The mountain dominates Teide National Park. It dominates much of Tenerife, in fact it dominates the Canary Islands. The scene which brings people to a halt on islands like La Gomera and Gran Canaria is as likely to be Tenerife’s Mount Teide lording it over the archipelago as it is to be some home grown beauty spot.
It’s the undisputed star of the scenic show. Spain’s highest mountain draws modern day pilgrims (aka tourists) to worship on its slopes (i.e. take selfies and post them on facebook). Being surrounded by a manic volcanic landscape only adds to its unique beauty whilst being a slumbering volcano lends it that dangerous yet irresistible bad boy element.
But turn the camera away from Mount Teide and there’s a huge volcanic world full of magic, wonder and rock formations formed when M. Nature was clearly on drugs.
Some of these worlds can be viewed without a lot of effort, i.e. park the car, get out, take a picture, get back in car and drive off. Others require a bit more physical input, some of it of the lung-busting, muscle-screaming kind. Easy or difficult to get to, both types have the same thing in common, in over 10 years of living on Tenerife they’ve never lost their impact to stop us in our tracks.
Not far from the Parador de Cañadas are a series of jagged rocks which are popular with rock climbers. From the path it’s impossible to see their peaked forms hide a mini labyrinth of cavities and caves. There’s a slightly mysterious air to this area, I don’t know why but I get a slightly nervy feeling whenever I wander too close. Best time to view them is as the sun drops making the rock vibrantly orange against an intensely deep blue sky.
Roques de Garcia
The Roques fall into both the ‘easy to see’ and ‘takes a bit of effort’ categories. On the one hand, everyone who sets foot in Teide National Park has stopped in the car park beside the one other feature that usually makes it onto many photographs, Roque Cinchado. But the Roques are so much more than one rock framed against El Teide. Delve deeper using the path leading from the car park and they will reveal more twisted and bizarre sights, including a solidified lava waterfall.
View From the Rim
One of the most challenging walking routes on Tenerife we’ve tackled involved climbing to the rim of the crater which shields the park on its southern side. We thought getting there would be the hard part; it was only half the pain. The crater rim undulates dramatically and there are some sections which mock your senses with optical illusions which require slight leaps of faith when it looks as though paths fall off the edge of the world.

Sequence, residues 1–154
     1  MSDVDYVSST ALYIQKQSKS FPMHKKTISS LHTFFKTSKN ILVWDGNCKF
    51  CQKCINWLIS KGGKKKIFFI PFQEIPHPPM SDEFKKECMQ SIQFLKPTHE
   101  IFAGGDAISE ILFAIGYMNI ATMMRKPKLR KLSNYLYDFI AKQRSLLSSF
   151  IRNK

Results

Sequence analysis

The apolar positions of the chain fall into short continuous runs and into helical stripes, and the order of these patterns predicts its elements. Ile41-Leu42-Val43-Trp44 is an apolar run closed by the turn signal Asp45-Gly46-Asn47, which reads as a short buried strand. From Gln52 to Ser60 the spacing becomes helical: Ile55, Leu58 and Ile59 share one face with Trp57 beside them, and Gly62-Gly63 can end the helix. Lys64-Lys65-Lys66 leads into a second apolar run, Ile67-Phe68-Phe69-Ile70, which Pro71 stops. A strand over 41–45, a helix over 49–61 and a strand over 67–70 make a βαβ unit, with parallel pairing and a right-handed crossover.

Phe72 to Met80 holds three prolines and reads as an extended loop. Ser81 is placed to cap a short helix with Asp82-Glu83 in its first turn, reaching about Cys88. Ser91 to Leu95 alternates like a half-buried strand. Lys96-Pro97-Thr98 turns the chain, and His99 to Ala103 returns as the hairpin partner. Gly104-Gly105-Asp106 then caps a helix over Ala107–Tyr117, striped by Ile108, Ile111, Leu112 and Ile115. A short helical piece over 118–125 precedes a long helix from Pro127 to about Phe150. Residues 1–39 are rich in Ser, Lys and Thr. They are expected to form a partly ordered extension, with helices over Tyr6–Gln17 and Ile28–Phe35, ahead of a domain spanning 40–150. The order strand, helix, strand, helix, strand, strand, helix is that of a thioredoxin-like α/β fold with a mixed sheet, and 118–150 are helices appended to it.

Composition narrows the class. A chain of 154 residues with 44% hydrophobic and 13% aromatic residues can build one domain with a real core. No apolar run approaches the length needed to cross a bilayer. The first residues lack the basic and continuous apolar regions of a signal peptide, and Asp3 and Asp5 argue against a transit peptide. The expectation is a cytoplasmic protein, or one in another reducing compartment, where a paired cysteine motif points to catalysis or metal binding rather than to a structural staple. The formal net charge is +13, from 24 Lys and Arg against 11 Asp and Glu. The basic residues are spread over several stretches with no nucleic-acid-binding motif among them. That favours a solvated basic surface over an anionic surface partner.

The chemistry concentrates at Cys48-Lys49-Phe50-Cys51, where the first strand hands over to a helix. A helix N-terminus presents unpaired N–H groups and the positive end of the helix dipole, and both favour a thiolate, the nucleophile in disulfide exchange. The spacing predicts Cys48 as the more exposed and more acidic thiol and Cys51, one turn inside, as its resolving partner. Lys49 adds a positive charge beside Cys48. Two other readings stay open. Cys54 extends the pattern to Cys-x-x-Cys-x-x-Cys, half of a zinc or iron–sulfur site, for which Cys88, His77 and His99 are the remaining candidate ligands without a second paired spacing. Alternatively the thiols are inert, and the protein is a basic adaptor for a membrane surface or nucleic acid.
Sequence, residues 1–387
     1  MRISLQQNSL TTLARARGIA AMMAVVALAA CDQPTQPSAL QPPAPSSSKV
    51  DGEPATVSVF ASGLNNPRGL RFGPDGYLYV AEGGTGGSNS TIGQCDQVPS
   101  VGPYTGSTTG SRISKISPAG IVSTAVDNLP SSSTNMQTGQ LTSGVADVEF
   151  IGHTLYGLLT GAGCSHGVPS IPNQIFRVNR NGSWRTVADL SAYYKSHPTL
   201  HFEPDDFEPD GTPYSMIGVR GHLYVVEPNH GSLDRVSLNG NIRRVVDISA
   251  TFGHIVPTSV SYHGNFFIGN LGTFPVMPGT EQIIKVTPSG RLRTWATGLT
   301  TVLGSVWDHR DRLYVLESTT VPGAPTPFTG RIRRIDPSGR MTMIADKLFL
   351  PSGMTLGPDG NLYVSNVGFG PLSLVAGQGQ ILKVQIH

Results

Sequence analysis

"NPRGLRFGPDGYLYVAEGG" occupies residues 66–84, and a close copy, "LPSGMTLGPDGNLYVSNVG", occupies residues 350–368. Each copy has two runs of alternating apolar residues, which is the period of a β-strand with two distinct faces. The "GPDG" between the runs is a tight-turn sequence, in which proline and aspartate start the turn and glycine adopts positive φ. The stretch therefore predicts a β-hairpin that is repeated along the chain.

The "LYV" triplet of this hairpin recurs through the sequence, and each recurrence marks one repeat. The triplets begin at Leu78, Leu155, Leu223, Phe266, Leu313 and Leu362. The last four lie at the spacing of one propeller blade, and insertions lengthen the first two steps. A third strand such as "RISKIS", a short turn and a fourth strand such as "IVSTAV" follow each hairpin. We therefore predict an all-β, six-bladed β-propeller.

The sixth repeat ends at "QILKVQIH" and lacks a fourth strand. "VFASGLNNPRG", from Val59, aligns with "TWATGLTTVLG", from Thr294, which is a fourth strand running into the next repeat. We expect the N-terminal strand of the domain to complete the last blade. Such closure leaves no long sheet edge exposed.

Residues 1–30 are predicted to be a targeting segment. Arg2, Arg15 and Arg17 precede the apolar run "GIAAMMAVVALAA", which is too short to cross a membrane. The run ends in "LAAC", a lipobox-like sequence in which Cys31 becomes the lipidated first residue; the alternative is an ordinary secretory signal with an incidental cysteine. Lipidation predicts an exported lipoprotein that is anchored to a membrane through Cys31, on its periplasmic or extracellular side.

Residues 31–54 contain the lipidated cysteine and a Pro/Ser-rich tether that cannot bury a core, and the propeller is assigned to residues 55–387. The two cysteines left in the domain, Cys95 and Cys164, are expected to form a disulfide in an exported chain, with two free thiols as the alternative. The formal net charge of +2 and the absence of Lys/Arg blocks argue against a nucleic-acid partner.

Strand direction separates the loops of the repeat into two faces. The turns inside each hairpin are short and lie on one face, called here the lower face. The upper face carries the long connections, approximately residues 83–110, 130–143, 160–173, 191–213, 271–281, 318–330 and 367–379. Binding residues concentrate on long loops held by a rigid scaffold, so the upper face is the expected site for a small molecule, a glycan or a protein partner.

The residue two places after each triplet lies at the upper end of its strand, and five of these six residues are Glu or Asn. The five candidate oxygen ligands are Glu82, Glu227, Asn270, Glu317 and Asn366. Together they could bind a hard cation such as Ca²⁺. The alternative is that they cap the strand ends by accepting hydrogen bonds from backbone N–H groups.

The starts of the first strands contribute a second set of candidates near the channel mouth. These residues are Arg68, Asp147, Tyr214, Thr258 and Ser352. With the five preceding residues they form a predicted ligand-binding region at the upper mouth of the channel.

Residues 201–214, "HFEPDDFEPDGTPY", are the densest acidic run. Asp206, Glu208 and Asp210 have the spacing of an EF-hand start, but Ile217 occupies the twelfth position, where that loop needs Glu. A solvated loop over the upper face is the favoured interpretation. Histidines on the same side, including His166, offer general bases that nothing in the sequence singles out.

Minas de San José
An easy one to get to and one of my favourite areas of the whole park. The landscape is softer and more seductive at the Minas de San José where the curves in the coppery blue volcanic sand could be described as being voluptuous. It’s one of the most other-worldly areas in the park.
The Lakes of Siete Cañadas
Given the thirsty, nearly always sunny, climate in Teide National Park the existence of mini lakes is all the more freaky. They’re not there all the time, but wander the trail when the winter snows have thawed and you might just get lucky.
Plains and Fortress Walls
Where Mount Teide looms huge in the centre of Tenerife, making all around it seem small, the area below La Fortaleza to the north of the mountain puts the sheer scale of parts of the rest of the park into perspective. The wall of rock above a sandy plain might seem small when compared to Teide trying to muscle in on the scene. But when you spot ant people at its base, you realise just how immense this weird landscape really is.
A World of Colours
Every so often you come across a scene in Teide National Park which reveals exactly why the alfombristas (carpet makers) of La Orotava can create such vivid images just by using sand and soil from the park. The part of the park between Izaña and El Portillo is one such area. The view when you come slip sliding down black sand slopes is one of my all time favourites in the crater.
On the face of it the walk from the upper cable car station to the viewpoint overlooking the rugged yawning mouth of Pico Viejo isn’t a long one, but at 3500m above sea level the breath is easily stolen from your lungs by invisible mountain elves. The upside is a high percentage of the masses who make the cable car journey don’t bother walking all the way, which keeps one of the most humbling vistas in the Canary Islands on the exclusive side of things.
A Mighty Mount in any other World
Montaña Guajara looks like nothing when compared with its limelight-hogging bigger brother across the volcanic wilderness. But climb to its summit and you’ll quickly discover this is no tame midget of a mountain. The summit of Guajara is THE place to sit and contemplate the curves, crevices and swirling volcanic cascades of the World’s third largest volcano. Contrast these with the views down to the south coast.
Finally, Mount Teide
No introduction required.
Jack is co-editor, writer and photographer for BuzzTrips and the Real Tenerife series of travel websites as well as a contributor to online travel sites and travel magazines. Follow Jack on Google+